The present invention is directed to a method and apparatus for bar code data interchange. In a preferred embodiment, a user will capture an image of a remotely located video or printed bar code through the use of a device such as, but not limited to, a security camera, web camera, phone camera, etc. The image of the remotely located bar code is transmitted over a hard-wired or wireless network, such as a LAN, WAN, PSTN, the Internet, cell phone or other wireless network, to a device such as, but not limited to a PC, cell phone, tablet, PDA, laptop, etc. The image of the remotely located bar code can be printed for scanning and decoding by a standard bar code reader, or alternatively can be scanned and decoded using a high scan rate CCD or linear imager directly from any video display such as, but not limited to, a television, laptop screen, tablet, PDA, cell phone, PC monitor, ATM display, cash register display, etc.
Printed Bar Codes
Printed bar codes are well known in the art, and are a proven, efficient means for data collection. A bar code is a coded image of bars and spaces, which can be used to represent numbers and other symbols. Printed bar codes can be 1Dimension (1D), or 2Dimension (2D). Common standardized 1D bar code formats include, but are not limited to, Code 39, Code 128, and Interleaved 2 of 5. A common standardized 2D bar code format includes, but is not limited to, PDF 417. There are also various proprietary 1D and 2D bar code formats. A bar code reader is used to read the printed bar code, and translates the image of the bar code into digital data.
Video Bar Codes
In addition to the use of printed bar codes as described in the present invention, bar codes may be captured directly from a video display, such as, but not limited to a PC monitor, PDA display, TV screen, digital camera, etc. Video bar codes are described in US Patent Published Application No. 2002/0195495 to Melick, et al, entitled METHOD AND APPARATUS FOR BAR CODE DATA INTERCHANGE, and is herein incorporated by reference.
Video bar codes are an efficient means for data collection and can be 1Dimension (1D), or 2Dimension (2D). Common standardized 1D bar code formats that have been successfully read off a video display include, but are not limited to, Code 39, Code 128, and Interleaved 2 of 5. A common standardized 2D bar code format that has been successfully read off of a vide display includes, but is not limited to, PDF 417. A high scan rate CCD or linear imager bar code reader is used to read the video bar code, and translates the image of the bar code into digital data. One significant advantage of a video bar code is that is dynamic and can be changed.
The following is a list of various 1D and 2D printed bar codes that are commonly used in the world today that can also be read as a video bar code. This list includes, but is not limited to, Code 39 extended, Danish PTT 39 Bar code, French Postal 39 A/R, German Postal Bar code Identcode 11, German Postal Bar code Leitcode 13, 2 of 5 Industrial, 2 of 5 Matrix Plessey, Codabar, MSI Plessey, MSI Plessey+CHK10, MSI Plessey+CHK10+CHK10, MSI Plessey+CHK11+CHK10, 2 of 5 IATA, 2 of 5 Datalogic, Code 39 Reduced, USPS tray label, USPS sack label, Code32, Codabar Rationalised, MSI Plessey+CHK11, OMR, Code 93, Code 93 extended, 128 A, 128 B, 128 C, UCC-128, EAN/JAN-8, EAN/JAN-8+2, EAN/JAN-8+5, EAN/JAN-13, EAN/JAN-13+2, EAN/JAN-13+5, UPC-A, UPC-A+2, UPC-A+5, UPC-E, UPC-E+2, UPC-E+5, Océ UNICODE, 128 utoswitch, EAN 128, ISBN, ISSN, Swiss Postal, Code11, UPS Standard (18 digits), UPS 18 digits, UPS Standard (11 digits), UPS 11 digits, 128× (Free Type), Telepen, PDF-417, PDF-417 (HP Mode), MicroPDF417, Royal Mail 4-State Customer Code, Dutch 4-State Postal, Singapore Post 4-State Postal Code, Australia Post 4-State Postal Code, Japan Post 4-State Postal Code, Australia Post 4-State Postal Code 37, 52, 67, Australia 4-state postal 37-CUST (HP Mode), Australia 4-state postal 52-FF-MET (HP Mode), Australia 4-state postal 67-FF-MET (HP Mode), Australia 4-state postal FCC-45 REPLY (HP Mode), Singapore Post 4-State Postal Code (HP Mode), DataMatrix, MaxiCode, MaxiCode (HP Mode), USPS FIM, POSTNET 5 ZIP+4, POSTNET 9 ZIP+4, POSTNET 11 DPC, PLANET, Aztec, Aztec Mesas, QR Code, Code 49, Channel Code, Code One, SuperCode, RSS, EAN/UCC Composite Symbology, Codablock F, Dot Code A, Code16K. There are also other various proprietary 1D and 2D bar code formats that can be read as a video bar code.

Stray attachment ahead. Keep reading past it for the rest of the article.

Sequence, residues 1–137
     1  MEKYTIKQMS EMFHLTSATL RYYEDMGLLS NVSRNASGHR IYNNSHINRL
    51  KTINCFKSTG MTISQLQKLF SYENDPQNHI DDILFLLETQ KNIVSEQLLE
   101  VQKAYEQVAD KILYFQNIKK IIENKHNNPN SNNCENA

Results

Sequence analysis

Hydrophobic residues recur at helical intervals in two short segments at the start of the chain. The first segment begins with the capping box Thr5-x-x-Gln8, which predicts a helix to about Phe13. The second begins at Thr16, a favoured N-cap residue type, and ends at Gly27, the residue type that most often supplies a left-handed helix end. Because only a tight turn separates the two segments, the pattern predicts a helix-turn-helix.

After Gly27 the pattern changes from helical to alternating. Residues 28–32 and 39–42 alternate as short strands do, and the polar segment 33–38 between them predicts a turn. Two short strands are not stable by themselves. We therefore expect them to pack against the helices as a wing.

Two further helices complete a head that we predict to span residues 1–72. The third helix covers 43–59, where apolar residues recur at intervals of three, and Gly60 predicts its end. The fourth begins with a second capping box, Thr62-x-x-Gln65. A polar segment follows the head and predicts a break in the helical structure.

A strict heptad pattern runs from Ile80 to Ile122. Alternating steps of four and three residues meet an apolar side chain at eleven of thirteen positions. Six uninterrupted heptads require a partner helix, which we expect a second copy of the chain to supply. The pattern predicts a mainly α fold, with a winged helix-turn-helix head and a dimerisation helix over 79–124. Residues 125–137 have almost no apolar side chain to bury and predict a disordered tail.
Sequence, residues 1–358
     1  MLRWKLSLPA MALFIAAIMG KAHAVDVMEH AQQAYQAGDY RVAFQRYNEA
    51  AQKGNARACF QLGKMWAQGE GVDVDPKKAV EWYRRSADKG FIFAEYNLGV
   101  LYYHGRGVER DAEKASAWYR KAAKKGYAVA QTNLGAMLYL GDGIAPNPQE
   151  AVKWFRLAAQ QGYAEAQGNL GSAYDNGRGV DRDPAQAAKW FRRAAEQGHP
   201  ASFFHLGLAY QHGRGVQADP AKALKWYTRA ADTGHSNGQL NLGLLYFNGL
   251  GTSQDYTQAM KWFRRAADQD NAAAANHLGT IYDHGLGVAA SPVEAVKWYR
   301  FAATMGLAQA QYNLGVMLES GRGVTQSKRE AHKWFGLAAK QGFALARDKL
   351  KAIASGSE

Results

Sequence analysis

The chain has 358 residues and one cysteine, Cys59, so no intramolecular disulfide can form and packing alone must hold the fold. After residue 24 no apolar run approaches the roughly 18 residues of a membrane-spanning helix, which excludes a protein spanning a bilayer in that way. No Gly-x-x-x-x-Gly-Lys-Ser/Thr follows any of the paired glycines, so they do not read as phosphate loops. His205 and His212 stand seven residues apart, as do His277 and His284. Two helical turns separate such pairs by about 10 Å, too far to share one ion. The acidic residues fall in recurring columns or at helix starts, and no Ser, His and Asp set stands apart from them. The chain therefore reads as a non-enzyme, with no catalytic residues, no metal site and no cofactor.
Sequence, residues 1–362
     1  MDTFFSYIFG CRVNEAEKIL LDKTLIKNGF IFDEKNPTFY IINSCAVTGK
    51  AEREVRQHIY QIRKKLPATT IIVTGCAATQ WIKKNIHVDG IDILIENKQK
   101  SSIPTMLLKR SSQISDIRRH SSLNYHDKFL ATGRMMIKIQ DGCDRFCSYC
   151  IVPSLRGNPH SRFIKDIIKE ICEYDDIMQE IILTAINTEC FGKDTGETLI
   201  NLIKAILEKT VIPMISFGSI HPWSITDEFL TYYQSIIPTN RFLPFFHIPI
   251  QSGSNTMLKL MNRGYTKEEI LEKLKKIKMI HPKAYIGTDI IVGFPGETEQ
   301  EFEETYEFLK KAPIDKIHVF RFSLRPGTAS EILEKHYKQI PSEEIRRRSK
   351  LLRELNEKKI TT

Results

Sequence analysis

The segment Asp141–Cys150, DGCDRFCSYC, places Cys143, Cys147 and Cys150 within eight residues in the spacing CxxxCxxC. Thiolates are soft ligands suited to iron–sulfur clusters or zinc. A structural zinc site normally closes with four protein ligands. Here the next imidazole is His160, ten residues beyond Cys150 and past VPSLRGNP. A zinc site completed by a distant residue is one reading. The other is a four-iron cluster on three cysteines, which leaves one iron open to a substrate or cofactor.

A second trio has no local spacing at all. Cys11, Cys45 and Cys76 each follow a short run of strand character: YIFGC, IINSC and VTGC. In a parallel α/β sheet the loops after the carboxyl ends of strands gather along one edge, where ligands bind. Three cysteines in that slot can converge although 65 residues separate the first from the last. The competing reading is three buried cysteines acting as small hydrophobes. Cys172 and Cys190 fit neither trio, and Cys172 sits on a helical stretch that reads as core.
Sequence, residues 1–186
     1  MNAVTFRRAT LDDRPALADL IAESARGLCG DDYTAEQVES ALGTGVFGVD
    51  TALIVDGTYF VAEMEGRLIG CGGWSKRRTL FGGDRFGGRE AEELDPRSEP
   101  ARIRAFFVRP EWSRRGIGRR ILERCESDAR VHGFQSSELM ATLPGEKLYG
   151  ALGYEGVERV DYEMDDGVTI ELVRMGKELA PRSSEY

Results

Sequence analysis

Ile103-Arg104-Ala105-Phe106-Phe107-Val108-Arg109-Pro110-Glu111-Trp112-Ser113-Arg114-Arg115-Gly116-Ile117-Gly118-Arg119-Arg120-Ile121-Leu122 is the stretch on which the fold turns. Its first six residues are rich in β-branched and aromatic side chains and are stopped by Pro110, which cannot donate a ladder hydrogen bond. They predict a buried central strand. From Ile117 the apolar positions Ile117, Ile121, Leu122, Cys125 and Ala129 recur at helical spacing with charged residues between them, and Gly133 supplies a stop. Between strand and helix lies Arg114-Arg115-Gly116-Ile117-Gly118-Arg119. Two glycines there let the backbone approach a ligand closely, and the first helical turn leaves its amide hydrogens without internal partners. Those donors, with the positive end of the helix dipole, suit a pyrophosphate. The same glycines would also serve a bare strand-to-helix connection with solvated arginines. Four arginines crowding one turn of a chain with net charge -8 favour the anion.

Remote Bar Code Security
In order to provide an additional layer of security against fraud, the remote machine readable bar code and the human readable text that normally accompanies a machine readable bar code, which reflects the machine readable bar code, can deliberately be different. For example, the machine readable remote bar code might represent the alpha-numeric characters 1589AA, however the remote human readable alpha-numeric text associated with a particular remote machine readable bar code might intentionally read 1255BB on an identification card or badge, a ticket, etc. If the remote bar code was fraudulently created, it is likely the frauds would not check to see if the remote machine readable bar code matched the associated human readable alpha-numeric text. This is a low level of security that can be employed in the present invention. The remote bar codes' machine readable and associated human readable alpha-numeric text would be stored in a database, and when a security agent was viewing a remote machine readable bar code and corresponding human readable alpha-numeric text, both the scan of the remote machine readable bar code and the remote human readable alpha-numeric text would have to match what was stored in the database in order to gain entrance into a secure area, as an example.